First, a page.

ANNAPOLIS, Md. - Anne Arundel County Executive Laura Neuman said Friday she’s working to open up waterfront access at Thomas Point Park in Annapolis by the end of the month.
Her comments came two days after a meeting on public water access in the county, which has more than 500 miles of shoreline. A large chunk of that isn’t open to the general public.
“I think it’s simple—if you want people to take care of the bay, you have to make it easier for them to enjoy the bay,” Neuman said.
A representative of the Anne Arundel County Department of Recreation and Parks said at the meeting he was concerned there might not be enough staffing to increase access throughout the county, despite Neuman’s plans.
Chris Carroll, chief of park operations north for the county’s Department of Recreation and Parks, said Neuman has been having meetings on opening county beaches.
It’s “very exciting,” Carroll said at Wednesday’s meeting in Severna Park. But he added he wasn’t sure the department had the personnel to handle an influx of beachgoers.
“This is something that has me worried,” he said. “I don’t want to see a bunch of people flocking to Mayo Beach if we aren’t prepared.”
Neuman said Friday she’s working closely with Recreation and Parks on how the office is structured to boost staffing so she can first open up Thomas Point-- where access is now restricted-- by the end of June.
“We are working on that as we speak,” Neuman said.
But before swimming is allowed, the county Health Department will first have to test the water quality at the beach.
Elin Jones, a Health Department spokeswoman, said Thomas Point is not yet part of the county’s Recreational Water Quality Monitoring Program. For a beach to be opened to swimming, Jones said the water would have to be sampled first.
Neuman, though, said she wants to first focus on opening the waterfront to beachgoers.
“That’s a different, but important, issue,” Neuman said of testing the water.
Mike Lofton of Harwood, a member of the Anne Arundel County Water Access Committee, said he was happy to hear about Neuman’s plans. The group has identified a list of 30 to 40 spots in Anne Arundel where it would like to see public access to the water.
“There are no public beaches except for Sandy Point,” Lofton said. “And by mid-morning in the summer, it’s filled up.”
His group’s goal is to open water access on the north and south shores of all of the county’s rivers.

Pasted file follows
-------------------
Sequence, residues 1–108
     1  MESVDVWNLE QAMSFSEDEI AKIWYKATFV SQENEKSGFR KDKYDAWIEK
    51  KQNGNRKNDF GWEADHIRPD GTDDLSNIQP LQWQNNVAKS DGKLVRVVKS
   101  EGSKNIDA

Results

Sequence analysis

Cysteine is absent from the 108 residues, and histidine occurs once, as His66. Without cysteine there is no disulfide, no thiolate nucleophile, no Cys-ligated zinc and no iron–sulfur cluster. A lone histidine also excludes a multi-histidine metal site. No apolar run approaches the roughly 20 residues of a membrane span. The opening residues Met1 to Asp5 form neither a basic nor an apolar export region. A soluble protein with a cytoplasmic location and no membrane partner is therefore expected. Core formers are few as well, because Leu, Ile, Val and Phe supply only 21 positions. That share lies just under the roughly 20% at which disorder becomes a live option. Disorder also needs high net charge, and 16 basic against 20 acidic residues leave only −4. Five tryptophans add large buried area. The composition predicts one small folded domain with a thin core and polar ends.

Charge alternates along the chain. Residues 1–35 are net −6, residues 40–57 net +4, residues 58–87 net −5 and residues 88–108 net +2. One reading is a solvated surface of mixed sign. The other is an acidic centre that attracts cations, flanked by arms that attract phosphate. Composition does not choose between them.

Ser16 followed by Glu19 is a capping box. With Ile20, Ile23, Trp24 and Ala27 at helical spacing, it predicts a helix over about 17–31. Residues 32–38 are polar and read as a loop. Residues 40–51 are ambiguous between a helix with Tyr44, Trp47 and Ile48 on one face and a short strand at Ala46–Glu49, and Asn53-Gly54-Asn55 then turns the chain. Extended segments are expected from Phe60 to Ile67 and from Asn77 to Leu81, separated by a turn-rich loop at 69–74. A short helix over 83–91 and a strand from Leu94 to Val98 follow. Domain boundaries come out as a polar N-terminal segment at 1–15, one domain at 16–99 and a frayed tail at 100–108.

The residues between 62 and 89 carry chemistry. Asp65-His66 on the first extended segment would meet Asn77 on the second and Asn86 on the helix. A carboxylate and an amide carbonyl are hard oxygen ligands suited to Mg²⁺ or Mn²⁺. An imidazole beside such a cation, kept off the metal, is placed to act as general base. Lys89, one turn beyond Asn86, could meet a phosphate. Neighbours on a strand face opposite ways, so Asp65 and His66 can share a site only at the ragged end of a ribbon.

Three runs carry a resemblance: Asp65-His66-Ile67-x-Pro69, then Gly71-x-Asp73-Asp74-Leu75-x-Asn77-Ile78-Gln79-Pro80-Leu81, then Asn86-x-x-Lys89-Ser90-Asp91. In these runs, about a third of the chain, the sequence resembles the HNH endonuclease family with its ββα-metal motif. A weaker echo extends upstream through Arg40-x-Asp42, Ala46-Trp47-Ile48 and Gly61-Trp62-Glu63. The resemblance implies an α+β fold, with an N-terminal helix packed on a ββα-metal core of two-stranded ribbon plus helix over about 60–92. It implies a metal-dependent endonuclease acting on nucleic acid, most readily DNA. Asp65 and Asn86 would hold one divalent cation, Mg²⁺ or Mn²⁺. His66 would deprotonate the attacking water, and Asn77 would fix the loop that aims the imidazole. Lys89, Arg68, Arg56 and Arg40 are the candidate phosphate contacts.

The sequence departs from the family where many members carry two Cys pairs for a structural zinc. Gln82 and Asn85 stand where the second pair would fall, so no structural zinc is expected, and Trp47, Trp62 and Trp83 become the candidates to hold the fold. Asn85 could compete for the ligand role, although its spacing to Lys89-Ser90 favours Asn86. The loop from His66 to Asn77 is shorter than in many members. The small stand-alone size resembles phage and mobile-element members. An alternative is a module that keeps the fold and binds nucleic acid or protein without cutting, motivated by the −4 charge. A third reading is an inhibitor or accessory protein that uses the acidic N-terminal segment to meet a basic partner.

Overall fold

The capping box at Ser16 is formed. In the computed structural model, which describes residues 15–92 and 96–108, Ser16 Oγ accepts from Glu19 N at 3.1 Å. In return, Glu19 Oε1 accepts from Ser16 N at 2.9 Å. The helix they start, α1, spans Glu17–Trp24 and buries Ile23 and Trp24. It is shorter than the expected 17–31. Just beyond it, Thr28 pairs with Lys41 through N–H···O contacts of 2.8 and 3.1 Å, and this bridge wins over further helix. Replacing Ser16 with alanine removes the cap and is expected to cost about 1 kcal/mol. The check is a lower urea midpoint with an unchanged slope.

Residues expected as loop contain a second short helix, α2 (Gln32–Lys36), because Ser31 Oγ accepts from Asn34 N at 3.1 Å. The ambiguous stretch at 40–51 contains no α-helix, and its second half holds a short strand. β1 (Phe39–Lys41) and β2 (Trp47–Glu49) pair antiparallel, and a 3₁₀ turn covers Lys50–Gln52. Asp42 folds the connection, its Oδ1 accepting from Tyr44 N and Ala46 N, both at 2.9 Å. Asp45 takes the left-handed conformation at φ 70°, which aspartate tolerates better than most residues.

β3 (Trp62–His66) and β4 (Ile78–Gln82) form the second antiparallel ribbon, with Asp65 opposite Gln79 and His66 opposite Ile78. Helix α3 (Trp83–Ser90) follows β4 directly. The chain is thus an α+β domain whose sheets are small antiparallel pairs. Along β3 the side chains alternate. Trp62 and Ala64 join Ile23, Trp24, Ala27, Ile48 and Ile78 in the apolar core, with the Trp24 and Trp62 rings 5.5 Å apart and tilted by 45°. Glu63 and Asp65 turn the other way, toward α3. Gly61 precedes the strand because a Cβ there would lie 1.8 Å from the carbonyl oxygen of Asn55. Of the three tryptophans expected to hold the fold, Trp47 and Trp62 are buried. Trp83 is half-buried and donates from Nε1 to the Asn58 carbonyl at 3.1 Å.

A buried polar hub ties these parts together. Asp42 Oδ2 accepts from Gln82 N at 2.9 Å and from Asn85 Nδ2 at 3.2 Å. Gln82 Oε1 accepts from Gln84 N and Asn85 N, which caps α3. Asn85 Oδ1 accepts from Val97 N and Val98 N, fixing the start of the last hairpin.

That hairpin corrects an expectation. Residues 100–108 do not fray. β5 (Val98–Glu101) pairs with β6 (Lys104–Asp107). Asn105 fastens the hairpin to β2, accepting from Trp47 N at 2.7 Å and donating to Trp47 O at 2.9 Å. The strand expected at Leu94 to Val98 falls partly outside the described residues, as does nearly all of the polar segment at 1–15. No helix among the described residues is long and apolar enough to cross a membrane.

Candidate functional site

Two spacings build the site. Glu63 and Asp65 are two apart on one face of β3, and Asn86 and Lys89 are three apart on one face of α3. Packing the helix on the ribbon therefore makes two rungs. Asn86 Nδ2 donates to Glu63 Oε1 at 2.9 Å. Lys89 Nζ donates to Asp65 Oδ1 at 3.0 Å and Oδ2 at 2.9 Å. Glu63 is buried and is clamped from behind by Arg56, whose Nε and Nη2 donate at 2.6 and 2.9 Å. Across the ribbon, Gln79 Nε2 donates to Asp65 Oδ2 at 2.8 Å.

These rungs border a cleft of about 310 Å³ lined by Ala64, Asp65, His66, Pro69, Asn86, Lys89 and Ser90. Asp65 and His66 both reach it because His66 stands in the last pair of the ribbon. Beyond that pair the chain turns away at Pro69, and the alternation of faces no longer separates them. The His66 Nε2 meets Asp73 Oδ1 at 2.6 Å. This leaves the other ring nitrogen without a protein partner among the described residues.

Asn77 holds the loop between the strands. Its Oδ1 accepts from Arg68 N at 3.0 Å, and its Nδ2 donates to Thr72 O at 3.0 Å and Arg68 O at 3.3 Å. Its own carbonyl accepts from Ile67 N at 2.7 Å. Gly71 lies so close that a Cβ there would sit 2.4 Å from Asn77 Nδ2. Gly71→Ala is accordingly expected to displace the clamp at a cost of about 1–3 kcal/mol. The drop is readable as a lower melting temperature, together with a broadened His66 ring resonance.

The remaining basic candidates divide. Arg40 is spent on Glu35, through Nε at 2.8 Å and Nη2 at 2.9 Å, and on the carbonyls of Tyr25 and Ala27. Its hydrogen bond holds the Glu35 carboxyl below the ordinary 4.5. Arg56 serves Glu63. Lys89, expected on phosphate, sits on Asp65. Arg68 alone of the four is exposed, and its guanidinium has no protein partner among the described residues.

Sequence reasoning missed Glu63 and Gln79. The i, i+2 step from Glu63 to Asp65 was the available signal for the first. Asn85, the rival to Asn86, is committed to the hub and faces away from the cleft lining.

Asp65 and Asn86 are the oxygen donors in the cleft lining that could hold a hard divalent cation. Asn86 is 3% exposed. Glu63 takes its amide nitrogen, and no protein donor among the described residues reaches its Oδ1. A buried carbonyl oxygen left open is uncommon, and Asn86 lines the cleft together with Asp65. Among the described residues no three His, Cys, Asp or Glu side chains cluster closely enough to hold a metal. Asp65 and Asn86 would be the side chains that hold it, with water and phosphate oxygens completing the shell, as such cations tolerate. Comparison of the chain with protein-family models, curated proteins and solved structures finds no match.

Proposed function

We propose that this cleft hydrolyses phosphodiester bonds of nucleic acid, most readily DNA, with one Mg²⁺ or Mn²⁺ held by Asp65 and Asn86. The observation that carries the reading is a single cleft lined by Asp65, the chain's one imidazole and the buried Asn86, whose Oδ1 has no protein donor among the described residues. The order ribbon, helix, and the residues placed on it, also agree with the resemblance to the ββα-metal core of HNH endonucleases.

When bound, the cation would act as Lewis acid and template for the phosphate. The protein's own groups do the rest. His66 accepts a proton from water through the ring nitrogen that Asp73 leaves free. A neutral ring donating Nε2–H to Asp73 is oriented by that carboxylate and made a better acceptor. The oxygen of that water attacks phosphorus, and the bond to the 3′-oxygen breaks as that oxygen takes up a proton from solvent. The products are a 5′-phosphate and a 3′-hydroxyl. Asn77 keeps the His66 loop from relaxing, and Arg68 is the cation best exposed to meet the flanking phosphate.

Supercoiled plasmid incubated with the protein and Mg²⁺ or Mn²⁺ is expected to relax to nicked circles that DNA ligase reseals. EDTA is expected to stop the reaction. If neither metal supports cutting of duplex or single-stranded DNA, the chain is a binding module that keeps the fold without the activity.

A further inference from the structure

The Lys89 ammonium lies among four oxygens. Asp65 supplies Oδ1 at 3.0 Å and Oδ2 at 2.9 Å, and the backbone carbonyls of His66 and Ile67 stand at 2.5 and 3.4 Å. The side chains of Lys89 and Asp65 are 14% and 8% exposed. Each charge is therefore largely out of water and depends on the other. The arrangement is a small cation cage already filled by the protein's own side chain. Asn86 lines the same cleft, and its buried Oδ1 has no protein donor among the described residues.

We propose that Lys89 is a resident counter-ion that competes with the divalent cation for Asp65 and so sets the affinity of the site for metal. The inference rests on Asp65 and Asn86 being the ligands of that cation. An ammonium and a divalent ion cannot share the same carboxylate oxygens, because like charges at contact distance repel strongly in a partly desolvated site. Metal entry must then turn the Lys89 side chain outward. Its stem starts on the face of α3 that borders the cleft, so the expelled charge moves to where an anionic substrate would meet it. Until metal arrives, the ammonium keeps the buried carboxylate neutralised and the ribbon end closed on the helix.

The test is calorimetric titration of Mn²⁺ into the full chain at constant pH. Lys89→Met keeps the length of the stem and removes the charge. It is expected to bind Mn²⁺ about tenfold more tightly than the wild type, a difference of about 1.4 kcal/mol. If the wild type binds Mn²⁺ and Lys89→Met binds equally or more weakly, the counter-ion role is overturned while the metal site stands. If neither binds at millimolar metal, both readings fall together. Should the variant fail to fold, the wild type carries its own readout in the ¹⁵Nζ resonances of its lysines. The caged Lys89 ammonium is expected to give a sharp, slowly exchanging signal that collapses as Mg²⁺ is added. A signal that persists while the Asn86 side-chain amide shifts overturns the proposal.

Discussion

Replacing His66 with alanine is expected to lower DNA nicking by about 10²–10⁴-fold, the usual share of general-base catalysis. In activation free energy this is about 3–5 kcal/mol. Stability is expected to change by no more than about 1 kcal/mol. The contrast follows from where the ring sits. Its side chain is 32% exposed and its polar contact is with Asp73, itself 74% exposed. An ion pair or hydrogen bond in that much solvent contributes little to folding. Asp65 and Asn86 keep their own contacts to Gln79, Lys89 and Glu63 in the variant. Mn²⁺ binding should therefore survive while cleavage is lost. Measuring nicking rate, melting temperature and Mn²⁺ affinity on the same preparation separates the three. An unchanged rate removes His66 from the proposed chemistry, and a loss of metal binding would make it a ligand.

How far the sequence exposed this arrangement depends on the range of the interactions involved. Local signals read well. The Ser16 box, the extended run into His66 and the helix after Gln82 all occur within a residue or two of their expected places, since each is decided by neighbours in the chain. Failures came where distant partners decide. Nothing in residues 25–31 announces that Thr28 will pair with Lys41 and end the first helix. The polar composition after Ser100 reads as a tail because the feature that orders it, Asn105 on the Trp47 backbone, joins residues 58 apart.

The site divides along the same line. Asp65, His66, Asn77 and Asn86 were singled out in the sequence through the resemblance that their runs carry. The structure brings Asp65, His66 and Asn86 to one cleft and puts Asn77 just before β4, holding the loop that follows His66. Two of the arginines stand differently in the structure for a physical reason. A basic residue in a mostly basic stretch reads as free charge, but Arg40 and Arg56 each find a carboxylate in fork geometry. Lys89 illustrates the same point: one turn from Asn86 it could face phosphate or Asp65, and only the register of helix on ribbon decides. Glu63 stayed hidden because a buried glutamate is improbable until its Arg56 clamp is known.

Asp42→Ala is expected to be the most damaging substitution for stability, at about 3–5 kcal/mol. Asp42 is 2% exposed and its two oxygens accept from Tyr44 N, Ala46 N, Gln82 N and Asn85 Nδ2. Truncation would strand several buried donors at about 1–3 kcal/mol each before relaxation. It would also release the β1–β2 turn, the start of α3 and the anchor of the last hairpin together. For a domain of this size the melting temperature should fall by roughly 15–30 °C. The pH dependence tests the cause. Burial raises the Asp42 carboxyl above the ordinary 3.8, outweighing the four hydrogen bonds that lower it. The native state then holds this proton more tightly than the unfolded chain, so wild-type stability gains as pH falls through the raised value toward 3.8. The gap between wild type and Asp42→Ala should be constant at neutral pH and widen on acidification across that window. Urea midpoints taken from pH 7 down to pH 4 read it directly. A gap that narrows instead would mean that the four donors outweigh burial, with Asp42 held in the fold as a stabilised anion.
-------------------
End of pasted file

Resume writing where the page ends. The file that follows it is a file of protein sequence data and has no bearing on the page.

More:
Lofton said he’s urging others to lobby county executive candidates and other candidates for public office on this issue.
“I don’t think water access is going to show up as a top 10 issue, but I think it is important,” Lofton said. “We’re all paying more to clean up the bay, so people should be able to benefit from it. I think that’s the key in the current political environment.”
What Lofton was referring to regarding paying more to clean up the bay is the controversial stormwater fee. Often dubbed the “rain tax” by conservatives, the stormwater fee has emerged as an issue in the Anne Arundel County executive’s race.
Neuman is being challenged in the Republican primary by Del. Steve Schuh, who voted for the state mandate in 2012 that ordered Maryland’s 10 largest counties pass a stormwater fee to help pay for water quality projects.
He has criticized the fee levied in 2013 by the Anne Arundel County Council, however, saying it’s too high.
Neuman, who vetoed the stormwater fee only to have her veto overridden by the county council, has slammed Schuh for voting for the mandate in the first place.
Both Neuman and Schuh said they hear a lot of comments from Anne Arundel residents about the need for increased water access.
“The Chesapeake Bay is our most important access in Anne Arundel County,” said Schuh, who lives in Gibson Island. “And we have very limited public access.”
Schuh said he hears more from residents about the need for more public boat ramps, though. Construction on a $4.5 million public boat ramp at Fort Smallwood Park is expected to begin this year.